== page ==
Osteoarthritis (OA) is estimated to affect 630 million people worldwide – 15% of all the people on the globe. And the need for new and ever more effective osteoarthritis treatments will continue to expand as populations age.
That’s why Hospital for Special Surgery launched the HSS Osteoarthritis Initiative. The Osteoarthritis Initiative will coordinate all OA research studies and clinical trials at the hospital and with other important academic research institutions. In order to help as many people as possible, the OA Initiative will investigate new therapeutic possibilities at every stage of the disease:
Hospital for Special Surgery brings two unique advantages to discovering new ways to help people suffering from osteoarthritis:
Hospital for Special Surgery’s pace-setting musculoskeletal research is organized into five main programs. And every program contributes essential knowledge to OA research:
Presently, over 95% of all joint replacement surgeries are performed on patients with osteoarthritis. Since HSS performs more hip surgeries and more knee replacements than any other hospital in America, the hospital is in a unique position to evaluate current surgical outcomes while pioneering future surgical innovations.
One of the most significant impacts of the Information Age on medical research is the ability to run complex, advanced analyses comparing and contrasting aspects of actual case histories from an enormous numbers of patients. The key is gathering the information.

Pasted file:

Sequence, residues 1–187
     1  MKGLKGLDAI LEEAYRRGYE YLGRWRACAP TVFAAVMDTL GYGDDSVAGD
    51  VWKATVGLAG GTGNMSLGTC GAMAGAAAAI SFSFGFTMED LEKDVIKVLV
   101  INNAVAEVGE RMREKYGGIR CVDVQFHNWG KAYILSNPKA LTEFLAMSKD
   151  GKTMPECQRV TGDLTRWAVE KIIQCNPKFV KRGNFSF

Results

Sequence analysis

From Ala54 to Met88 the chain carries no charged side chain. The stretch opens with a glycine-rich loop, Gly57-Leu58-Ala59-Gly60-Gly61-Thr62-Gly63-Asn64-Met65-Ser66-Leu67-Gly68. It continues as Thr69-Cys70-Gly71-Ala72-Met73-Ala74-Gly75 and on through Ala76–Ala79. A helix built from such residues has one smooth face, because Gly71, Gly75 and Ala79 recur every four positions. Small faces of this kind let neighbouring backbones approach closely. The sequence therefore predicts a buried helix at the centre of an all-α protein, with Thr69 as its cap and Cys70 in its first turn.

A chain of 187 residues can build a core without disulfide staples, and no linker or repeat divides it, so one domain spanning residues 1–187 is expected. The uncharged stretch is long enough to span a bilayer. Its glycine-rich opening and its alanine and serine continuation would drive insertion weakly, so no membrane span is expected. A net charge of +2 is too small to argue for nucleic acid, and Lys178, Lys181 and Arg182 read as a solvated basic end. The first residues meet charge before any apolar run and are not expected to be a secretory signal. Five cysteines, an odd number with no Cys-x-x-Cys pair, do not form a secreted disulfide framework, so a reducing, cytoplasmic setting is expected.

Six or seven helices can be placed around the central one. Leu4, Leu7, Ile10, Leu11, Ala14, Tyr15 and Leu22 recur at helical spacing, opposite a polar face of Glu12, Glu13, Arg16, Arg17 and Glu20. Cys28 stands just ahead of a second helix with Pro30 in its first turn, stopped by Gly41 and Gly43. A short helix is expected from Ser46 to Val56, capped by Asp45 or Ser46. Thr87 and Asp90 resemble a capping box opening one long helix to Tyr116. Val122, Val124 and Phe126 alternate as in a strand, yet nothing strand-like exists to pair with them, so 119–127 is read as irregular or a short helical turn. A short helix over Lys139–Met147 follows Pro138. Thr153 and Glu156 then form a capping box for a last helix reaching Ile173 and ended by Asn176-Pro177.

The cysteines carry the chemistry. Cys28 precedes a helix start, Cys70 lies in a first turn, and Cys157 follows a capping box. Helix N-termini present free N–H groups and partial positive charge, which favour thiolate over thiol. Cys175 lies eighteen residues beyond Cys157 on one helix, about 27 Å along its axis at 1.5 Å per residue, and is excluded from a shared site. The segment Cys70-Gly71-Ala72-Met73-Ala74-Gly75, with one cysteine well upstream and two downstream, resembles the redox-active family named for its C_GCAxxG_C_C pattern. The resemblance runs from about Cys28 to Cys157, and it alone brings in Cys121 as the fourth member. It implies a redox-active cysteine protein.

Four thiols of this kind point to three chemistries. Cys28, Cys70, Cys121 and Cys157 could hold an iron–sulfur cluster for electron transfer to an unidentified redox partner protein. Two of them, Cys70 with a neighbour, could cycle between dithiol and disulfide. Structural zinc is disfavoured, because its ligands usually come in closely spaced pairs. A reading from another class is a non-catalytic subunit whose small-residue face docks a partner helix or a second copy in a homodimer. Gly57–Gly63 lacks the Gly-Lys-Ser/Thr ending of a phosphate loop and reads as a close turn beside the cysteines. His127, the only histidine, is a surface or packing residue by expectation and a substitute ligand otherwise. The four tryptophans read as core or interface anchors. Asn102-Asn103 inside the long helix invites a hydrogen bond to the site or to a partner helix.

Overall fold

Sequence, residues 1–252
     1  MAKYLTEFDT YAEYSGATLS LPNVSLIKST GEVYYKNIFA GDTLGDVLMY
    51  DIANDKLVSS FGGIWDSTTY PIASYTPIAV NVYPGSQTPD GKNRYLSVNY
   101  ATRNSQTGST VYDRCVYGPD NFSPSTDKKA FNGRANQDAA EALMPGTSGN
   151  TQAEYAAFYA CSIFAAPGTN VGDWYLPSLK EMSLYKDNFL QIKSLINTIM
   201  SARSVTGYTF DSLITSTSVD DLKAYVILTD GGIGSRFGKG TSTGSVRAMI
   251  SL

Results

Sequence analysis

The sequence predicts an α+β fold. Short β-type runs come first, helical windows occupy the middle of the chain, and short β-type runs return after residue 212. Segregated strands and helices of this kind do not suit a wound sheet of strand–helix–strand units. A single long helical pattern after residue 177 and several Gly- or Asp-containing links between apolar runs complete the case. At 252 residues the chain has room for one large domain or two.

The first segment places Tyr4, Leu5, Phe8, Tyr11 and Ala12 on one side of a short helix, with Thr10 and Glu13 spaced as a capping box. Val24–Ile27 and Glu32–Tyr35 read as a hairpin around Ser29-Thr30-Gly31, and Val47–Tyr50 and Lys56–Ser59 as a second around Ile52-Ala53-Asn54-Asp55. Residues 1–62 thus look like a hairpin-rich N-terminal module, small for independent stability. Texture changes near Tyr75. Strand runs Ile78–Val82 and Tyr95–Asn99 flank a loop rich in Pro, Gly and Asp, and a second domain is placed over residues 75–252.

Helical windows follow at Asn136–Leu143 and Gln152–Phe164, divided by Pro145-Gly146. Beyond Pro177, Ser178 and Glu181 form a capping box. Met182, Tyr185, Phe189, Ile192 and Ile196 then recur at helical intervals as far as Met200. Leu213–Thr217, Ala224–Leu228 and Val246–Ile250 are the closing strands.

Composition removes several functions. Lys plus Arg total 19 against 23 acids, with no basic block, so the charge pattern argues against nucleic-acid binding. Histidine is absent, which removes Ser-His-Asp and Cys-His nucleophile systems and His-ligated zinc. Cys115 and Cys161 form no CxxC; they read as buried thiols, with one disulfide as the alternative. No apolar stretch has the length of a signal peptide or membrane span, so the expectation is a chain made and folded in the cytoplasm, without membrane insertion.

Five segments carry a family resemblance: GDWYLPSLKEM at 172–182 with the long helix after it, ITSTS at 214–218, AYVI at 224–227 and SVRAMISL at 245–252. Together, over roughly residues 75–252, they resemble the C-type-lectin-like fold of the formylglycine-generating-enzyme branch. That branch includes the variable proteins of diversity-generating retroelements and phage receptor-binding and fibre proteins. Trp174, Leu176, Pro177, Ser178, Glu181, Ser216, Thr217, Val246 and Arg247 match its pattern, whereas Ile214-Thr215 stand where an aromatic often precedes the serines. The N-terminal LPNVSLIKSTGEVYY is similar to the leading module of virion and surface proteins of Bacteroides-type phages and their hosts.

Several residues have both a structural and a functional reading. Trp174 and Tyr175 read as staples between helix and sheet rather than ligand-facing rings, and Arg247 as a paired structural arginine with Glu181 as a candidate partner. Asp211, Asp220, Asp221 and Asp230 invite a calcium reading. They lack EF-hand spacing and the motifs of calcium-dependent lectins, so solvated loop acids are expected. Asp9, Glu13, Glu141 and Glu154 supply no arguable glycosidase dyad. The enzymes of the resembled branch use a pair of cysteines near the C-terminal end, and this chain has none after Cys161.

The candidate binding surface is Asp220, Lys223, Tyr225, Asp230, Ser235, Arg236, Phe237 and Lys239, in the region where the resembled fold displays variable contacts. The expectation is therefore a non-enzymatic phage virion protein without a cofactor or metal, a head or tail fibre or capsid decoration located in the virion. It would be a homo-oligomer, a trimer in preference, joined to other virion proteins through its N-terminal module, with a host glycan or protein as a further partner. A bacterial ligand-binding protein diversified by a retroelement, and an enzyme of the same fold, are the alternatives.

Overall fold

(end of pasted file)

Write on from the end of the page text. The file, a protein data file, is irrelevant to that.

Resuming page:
All patients at HSS are offered the opportunity to contribute their data - anonymously, of course - to medical research. The hospital maintains extensive and highly successful patient registries helping researchers uncover patterns and assess treatment outcomes in musculoskeletal conditions. Some conditions are a direct results of OA, like joint replacement, or can later develop into earlier OA onset, like ACL injury.
Innovative techniques developed by HSS radiologists can reveal changes in soft tissue indicating the earliest signs of osteoarthrits. HSS radiologists have even developed pulse sequencing protocols that can create clear MRI’s of joint replacements, despite the implant metal.
Ongoing collaborative studies using HSS imaging techniques are assessing and measuring the onset and progression of OA in specific populations, including patients who have been injured and/or had surgical repairs.
At the Leon Root MD Motion Analysis Laboratory, high tech sensors attached to the body measure precise aspects of movements like walking, reaching, bending, and running. These measurements can be compared to data on normal function, thus showing how the structural realignment and joint damage of OA affect the body. Further measurements can help determine what therapies and training can best improve function.
In other studies, childhood obesity, fitness, and engagement in sports, such as running, are being looked at as possible factors that may accelerate or delay the onset of OA.
The scientists and doctors at Hospital for Special Surgery keep you informed on HSS.edu about their specific and ongoing studies on all musculoskeletal conditions, treatments, and issues. Besides each Division’s research overview (linked below) the biography page of each HSS doctor and scientist links to their research, as well as their articles in noted professional journals.
You can also sign-up for the free HSS eNewsletter that brings a convenient monthly update on the latest news at the hospital right to your email inbox.
This webinar presents an overview of the clinical research process, the phases of a clinical trial, and insight into the importance of medical research in patient care.
Jessica Gordon, MD, MSc
Date Recorded: March 13, 2013